Social networks, of course, mean more than just instant short message services. They can include blogs and other forms of personal websites.
Putting Yourself in Danger
Consider some areas where you could put yourself in danger.
Let’s say that you just bought a new music system, TV set, or computer. It is a top-of-the-range model and you are proud of your purchase. So you post photos of these items online for your friends to see.
A few weeks later, you tell your friends that you are going on holiday for two weeks; and the local burglars say, “Thank you for that information.” You come home to find your house cleared of all those nice new items, and several more.
Worse, what if you published an item saying that you were a little concerned about being alone in the house while your mate was away on business. What dangers could you be opening yourself up to, now?
Also, what about those photos that you take on the way home from work, every evening. Do they say, “Look at the route I take from work, every evening. And I walk this lonely path on my own. Come and get me!”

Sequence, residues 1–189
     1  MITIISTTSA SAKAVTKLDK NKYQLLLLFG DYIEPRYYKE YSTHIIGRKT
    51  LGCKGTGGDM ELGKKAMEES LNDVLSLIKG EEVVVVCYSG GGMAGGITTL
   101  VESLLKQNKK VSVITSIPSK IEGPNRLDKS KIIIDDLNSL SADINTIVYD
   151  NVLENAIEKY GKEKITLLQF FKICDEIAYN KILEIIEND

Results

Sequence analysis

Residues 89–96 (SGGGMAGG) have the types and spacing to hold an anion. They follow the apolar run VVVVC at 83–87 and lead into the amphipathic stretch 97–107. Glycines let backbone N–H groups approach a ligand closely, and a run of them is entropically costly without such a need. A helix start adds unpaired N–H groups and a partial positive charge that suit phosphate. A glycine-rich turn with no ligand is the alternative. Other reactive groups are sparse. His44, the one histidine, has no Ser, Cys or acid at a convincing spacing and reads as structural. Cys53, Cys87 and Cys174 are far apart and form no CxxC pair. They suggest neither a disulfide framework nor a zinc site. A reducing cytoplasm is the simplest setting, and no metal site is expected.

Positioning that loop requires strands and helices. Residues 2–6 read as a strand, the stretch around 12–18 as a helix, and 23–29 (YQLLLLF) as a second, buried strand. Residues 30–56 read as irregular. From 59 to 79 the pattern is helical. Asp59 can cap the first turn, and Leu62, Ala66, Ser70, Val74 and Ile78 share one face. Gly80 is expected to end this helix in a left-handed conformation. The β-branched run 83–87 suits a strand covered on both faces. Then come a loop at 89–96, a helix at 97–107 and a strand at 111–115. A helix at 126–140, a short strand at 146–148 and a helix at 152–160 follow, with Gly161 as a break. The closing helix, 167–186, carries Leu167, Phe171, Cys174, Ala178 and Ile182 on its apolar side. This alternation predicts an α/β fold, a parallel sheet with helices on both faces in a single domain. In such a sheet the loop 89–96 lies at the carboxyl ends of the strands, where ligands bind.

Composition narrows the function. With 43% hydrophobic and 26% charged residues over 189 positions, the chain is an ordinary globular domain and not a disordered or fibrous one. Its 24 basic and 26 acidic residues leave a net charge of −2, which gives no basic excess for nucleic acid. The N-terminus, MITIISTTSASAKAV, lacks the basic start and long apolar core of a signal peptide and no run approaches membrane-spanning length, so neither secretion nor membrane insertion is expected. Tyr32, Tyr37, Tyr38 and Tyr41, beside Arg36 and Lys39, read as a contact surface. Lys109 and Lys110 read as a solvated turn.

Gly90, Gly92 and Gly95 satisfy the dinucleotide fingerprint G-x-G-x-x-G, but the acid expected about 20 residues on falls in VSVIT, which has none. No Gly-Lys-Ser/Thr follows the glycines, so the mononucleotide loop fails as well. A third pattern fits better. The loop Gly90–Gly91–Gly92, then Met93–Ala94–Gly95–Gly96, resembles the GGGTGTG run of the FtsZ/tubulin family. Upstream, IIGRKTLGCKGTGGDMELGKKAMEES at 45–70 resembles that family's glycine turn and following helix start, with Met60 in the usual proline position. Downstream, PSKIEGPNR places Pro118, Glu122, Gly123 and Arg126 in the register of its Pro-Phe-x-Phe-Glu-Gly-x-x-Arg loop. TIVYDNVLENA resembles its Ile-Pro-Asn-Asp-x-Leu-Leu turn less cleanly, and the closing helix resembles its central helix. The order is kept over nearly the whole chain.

Putting Others in Danger
I have long believed that many parents protect their credit card details better than they protect their children.
How many parents do you know who post photographs of their children on the Internet? Oh, they try to disguise the children by giving them false names. Some people only post the initial letter of the child’s first name. Others will use the pet name that the family uses for the child. You know the sort of entries: “This is my daughter, J;” or “Here is a photo of Princess.”
Now, what is to stop someone with nefarious intent approaching your daughter and saying, “Hello, Princess. Mammy asked me to collect you from school, today.” These parents have given away one of the key safety measures available to the child: “If Mammy sent you, what does she call me?”
Should It Be Shared?
Another area that needs careful consideration is the question of whether an item should be shared with others, anyway.
In my post, What’s with the Selfie? I asked why so many self-portraits make the subject look evil. Is it the latest craze that I have missed? Or do people no longer care what they look like? If you are going to share a photo of yourself, at least try to make it look flattering. Posting photos of yourself looking as if you are the evil twin do nothing for your credibility, and could even lose you your job.